The Living Wage – all in this together

We need to drop our own stereotypes and get out of our comfort zones to build alliances with others.

We need to drop our own stereotypes and get out of our comfort zones to build alliances with others

No one utterance from the coalition government has been more discredited than George Osborne’s announcement in his 2010 budget that ‘we are all in this together’.

Since that budget we’ve seen the recession deepen and when the economy has eventually started to grow the benefits have accrued to the very richest, with everyone else still feeling the biggest squeeze in living standards since the 1920s.

But ‘all in it together’ does summarise the Living Wage approach of UNISON in the West Midlands. We’re part of a community organising project run by Citizens UK (CUK) in Birmingham that has brought together 22 civil society institutions for the common good.

We have an alliance of faith groups, education institutions (primary schools, secondary schools, colleges and HE), trade unions and migrant community organisations all working together on a common agenda to deliver social justice in Birmingham. The Living Wage is one of our priority areas to tackle.

The Living Wage is clearly a ‘bog standard’ trade union issue, but I’ve seen the power of working with others. As a trade union leader I’m seen as ‘one of the usual suspects’ when I talk about the Living Wage. But when leaders from wider community speak out on the Living Wage it makes the message all the more powerful.

It’s been wonderful to see the nuns from St Mary’s Convent, the Birmingham Methodists and the Muath Trust (a local Yemeni Muslim centre) stand shoulder-to-shoulder with leaders from the migrant community and trade unionists to speak out on the Living Wage.

In May this year we held an accountability assembly where over 400 people from the 22 partner institutions attended. We heard moving testimony from people in community on issues such as the Living Wage, the failure mental health services for young people, the devastating impact of delays in paying benefits and how young people felt about community safety.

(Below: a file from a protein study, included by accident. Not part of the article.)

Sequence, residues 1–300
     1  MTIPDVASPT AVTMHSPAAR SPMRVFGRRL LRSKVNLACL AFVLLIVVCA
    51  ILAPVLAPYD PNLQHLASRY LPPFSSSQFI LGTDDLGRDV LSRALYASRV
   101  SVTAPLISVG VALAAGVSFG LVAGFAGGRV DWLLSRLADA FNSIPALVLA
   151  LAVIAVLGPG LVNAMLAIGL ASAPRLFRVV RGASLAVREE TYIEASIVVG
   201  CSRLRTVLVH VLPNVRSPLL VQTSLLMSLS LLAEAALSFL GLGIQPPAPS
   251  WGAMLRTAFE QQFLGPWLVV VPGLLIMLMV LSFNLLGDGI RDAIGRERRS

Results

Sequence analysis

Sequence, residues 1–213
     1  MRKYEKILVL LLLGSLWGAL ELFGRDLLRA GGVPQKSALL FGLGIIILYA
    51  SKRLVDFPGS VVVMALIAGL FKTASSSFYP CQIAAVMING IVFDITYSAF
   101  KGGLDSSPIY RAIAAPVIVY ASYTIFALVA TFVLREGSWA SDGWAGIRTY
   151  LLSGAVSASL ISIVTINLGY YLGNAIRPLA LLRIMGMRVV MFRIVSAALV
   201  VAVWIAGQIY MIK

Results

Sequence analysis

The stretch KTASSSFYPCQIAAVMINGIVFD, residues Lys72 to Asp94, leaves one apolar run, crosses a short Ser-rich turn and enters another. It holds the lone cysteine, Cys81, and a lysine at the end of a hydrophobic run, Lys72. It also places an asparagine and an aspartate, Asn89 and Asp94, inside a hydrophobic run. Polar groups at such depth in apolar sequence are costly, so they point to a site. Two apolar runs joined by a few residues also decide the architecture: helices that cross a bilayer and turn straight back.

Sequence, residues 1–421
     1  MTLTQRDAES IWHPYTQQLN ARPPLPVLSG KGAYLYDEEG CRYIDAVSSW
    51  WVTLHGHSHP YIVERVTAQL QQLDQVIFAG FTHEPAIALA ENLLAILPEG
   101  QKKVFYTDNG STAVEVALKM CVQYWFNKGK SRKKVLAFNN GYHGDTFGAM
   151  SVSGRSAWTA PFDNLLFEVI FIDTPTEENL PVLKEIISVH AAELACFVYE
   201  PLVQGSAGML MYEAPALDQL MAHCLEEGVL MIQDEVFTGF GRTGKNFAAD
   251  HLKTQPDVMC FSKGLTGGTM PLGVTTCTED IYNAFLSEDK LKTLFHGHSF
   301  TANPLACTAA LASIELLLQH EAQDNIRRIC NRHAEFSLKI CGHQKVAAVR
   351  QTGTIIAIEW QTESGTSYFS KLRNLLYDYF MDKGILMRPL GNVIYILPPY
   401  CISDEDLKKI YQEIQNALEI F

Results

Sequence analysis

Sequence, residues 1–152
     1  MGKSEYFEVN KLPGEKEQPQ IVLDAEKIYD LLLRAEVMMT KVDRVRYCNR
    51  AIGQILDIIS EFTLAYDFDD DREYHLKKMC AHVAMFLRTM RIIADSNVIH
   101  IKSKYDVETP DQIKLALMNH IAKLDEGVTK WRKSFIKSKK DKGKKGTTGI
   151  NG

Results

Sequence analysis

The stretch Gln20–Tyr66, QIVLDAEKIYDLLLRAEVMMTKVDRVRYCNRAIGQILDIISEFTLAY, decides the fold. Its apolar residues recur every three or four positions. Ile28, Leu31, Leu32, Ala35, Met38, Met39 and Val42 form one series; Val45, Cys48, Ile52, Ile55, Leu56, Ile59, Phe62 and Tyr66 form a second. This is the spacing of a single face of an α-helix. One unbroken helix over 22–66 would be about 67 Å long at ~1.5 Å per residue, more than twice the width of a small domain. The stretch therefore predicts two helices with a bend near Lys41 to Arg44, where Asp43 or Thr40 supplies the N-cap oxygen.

At that assembly we made specific asks of the people with power to deliver social justice. On the Living Wage we heard the moving story from Somali born Abdinasir Ahmed and what it is like trying to bring up his family on the Minimum Wage.

After Labour took control of Birmingham City Council in 2012 its first act was to make the council a Living Wage employer and it is now the first council in the country to pay the Living Wage to externally-contracted care sector workers. The Labour-run council have said they want Birmingham to be a Living Wage city.

The photo at the top of the blog shows Rev’d David Butterworth and Abdinasir asking deputy leader of the council cllr Ian Ward to commit to publicly back CUK when we carry out any future actions on Birmingham employers to get them to pay the Living Wage. We got that commitment made in front of more than 400 people.

This is significant because there are very few councils who would agree to publicly support action on local employers councils shy away from upsetting local businesses. As we make our plans to take action on employers we can feel confident that we will have the support of the council and that in turn will make our job easier.

Whilst it is not a precondition that all partner institutions in CUK pay the Living Wage, the very fact that they are part of an alliance that is campaigning on this issue has provided its own incentive. Initially only eight of the 22 partner institutions (one of which was UNISON) were paying the Living Wage, and that is now up to 16 with commitments from five others to implement it within the next 12 – 18 months.

There are some in the labour movement who view the idea of working with faith groups with scepticism or even hostility. This is usually based around stereotypes they have of faith groups. My own experience has been nothing but positive and I’ve had my own preconceptions challenged, but equally faith leaders and other institutional leaders have said since working with UNISON that their views about trade unions have changed.

Many in the labour movement decry the fact that young people and society at large ‘don’t get’ trade unions but we need to remember others do not view us as we view ourselves, and we equally ‘don’t get’ those who could be our allies. We need to drop our own stereotypes and get out our comfort zones to build alliances with others.

There are no shortcuts to building strong alliances, it takes time and patience: it’s taken us just over two years in Birmingham to build the bedrock of our alliance. We’ve still got a long way to go to deliver on the Living Wage and our other social justice issues, but given the firm foundations we’ve built I am excited about what we could achieve over the next two years.

Ravi Subramanian is regional secretary for UNISON in the West Midlands

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